Sec. 5. And be it further enacted, That in case any person, whether owner or agent as aforesaid, shall be absent from his place of residence at the time an assistant assessor shall apply to receive the list of such person, it shall be the duty of such assessor, to leave at the house or place of residence of such person, a written note or memorandum, requiring him to present to such assessor the list aforesaid, within ten days from the date of such note or memorandum; and if any person, on being notified or required as aforesaid, shall refuse or neglect to give such list as aforesaid, within such time, it shall be the duty of the said assessor, to make, according to the best information which he can obtain, such lists, which lists, so made and subscribed by such assessor, shall be received as the lists aforesaid of such person; and the person so failing or neglecting, unless in case of sickness or absence from home, shall, moreover, forfeit and pay the sum of fifty dollars.
Sec. 6. And be it further enacted, That the several assistant assessors in each of the said collection districts shall deliver the lists aforesaid to the principal assessor, within the time prescribed by the thirteenth section of the “Act for the assessment and collection of direct taxes and internal duties,” passed twenty-second of July, eighteen hundred and thirteen, for the delivery of the lists therein designated: Provided, That if the said time be altered by any act subsequently passed, such delivery shall be within the time last prescribed therefor.
Sec. 7. And be it further enacted, That the respective principal assessors shall make out, according to the lists received from the assistant assessors, a general list or lists of all persons taxable as aforesaid, specifying the name of the owner or agent, the valuation of the household furniture, with the number and description of the watches as aforesaid, and the duty payable on each; which list or lists shall be made out in alphabetical order, for each county or smaller division of a collection district, as may be directed by the Secretary of the Treasury.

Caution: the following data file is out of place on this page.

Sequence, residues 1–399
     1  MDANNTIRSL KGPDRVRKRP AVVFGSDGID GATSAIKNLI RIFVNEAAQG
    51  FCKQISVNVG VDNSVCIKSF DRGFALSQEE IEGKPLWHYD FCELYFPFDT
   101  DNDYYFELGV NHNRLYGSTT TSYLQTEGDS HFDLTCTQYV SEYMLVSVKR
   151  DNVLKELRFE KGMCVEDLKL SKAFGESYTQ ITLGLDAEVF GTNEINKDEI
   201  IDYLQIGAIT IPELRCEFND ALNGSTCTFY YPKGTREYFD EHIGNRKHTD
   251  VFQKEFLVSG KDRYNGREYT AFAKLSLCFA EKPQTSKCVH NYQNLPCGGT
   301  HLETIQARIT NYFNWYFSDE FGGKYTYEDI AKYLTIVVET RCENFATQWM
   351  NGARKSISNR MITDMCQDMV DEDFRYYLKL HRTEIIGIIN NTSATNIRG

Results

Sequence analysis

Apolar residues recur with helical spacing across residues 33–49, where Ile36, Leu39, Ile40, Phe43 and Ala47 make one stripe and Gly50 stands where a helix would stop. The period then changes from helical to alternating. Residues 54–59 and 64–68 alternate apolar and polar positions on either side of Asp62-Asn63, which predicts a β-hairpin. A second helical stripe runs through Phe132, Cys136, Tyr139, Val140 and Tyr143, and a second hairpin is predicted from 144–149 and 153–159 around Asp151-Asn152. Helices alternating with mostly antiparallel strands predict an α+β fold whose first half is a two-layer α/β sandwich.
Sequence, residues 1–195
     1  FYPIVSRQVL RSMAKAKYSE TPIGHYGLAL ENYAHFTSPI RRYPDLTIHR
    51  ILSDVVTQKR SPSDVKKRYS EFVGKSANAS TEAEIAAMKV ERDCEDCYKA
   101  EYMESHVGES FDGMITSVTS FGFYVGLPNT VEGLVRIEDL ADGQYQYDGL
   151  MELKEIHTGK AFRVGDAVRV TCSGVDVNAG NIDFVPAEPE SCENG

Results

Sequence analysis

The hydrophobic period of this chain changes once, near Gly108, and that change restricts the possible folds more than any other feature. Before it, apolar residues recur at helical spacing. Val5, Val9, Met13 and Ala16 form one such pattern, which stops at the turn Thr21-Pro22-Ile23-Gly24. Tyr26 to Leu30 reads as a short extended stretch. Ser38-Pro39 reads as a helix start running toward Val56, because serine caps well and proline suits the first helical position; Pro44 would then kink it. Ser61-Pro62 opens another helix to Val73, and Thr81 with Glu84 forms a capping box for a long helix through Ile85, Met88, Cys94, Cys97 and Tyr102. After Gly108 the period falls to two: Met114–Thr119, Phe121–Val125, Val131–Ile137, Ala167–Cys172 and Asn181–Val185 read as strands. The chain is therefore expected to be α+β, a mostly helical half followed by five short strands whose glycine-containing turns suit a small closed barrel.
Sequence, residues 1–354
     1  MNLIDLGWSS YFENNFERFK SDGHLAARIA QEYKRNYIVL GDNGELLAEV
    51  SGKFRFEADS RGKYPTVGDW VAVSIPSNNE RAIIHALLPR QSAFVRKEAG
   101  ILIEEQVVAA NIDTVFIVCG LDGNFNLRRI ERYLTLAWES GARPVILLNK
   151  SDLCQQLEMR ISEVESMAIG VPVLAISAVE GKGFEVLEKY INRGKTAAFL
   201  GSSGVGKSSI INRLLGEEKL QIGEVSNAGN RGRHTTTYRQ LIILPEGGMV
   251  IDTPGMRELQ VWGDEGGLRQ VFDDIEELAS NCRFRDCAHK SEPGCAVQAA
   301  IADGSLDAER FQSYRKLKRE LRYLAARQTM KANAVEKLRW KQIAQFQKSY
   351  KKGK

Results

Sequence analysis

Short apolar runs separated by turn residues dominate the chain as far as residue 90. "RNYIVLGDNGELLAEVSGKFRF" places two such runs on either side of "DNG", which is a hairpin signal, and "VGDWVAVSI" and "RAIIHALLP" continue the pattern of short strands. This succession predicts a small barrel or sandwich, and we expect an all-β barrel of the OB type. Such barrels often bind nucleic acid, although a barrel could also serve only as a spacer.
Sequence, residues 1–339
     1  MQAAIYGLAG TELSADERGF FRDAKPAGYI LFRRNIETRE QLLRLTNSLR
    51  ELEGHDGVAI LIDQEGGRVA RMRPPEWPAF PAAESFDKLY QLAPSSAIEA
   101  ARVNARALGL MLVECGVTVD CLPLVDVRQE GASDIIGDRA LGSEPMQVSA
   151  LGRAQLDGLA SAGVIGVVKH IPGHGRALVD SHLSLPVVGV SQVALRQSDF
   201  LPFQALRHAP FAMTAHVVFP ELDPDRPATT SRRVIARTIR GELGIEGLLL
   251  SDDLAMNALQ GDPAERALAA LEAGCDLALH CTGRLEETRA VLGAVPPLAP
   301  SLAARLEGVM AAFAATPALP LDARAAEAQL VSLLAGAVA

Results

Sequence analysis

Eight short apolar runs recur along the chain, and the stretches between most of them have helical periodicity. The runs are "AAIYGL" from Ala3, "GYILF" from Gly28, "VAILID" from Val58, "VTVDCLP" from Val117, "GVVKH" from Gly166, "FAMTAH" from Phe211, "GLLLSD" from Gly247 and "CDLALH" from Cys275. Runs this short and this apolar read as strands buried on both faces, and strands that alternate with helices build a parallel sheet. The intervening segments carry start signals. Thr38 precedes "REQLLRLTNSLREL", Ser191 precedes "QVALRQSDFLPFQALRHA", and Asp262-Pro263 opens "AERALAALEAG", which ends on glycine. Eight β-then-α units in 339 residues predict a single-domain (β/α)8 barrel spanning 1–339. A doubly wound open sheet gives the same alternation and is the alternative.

Sec. 25. And be it further enacted, That towards establishing an adequate revenue to provide for the payment of the expenses of government; for the punctual payment of the public debt, principal and interest, contracted and to be contracted, according to the terms of the contracts respectively; and for creating an adequate sinking fund, gradually to reduce and eventually to extinguish the public debt, contracted and to be contracted, the duties laid and imposed by this act shall continue to be laid, levied, and collected, during the present war between the United States and Great Britain, and until the purposes aforesaid shall be completely accomplished.
And for the effectual application of the revenue to be raised by and from the said duties to the purposes aforesaid, in due form of law, the faith of the United States is hereby pledged:
Provided always, That whenever Congress shall deem it expedient to alter, reduce, or change the said duties, or either of them, it shall be lawful so to do, upon providing and substituting, by law, at the same time and for the same purposes, other duties which shall be equally productive with the duties so altered, reduced, or changed.
Approved, January 18, 1815.
Chap. XLI. — An Act to repeal the act, entitled “An act to provide additional revenues for defraying the expenses of government and maintaining the public credit, by laying duties on household furniture and on gold and silver watches.
Be it enacted by the Senate and House of Representatives of the United States of America, in Congress assembled, That so much of the act, entitled ” An act to provide additional revenue for defraying the expenses of government and maintaining the public credit, by laying duties on household furniture and on gold and silver watches,” as lays a duty on household furniture, and on watches kept for use, in the year one thousand eight hundred and sixteen, and in succeeding years, shall be, the same is hereby, repealed.
Approved, April 9, 1816.
The Congress Commemorative Silver Dollar Coin shows with an artist’s image of a grandpa and his watch.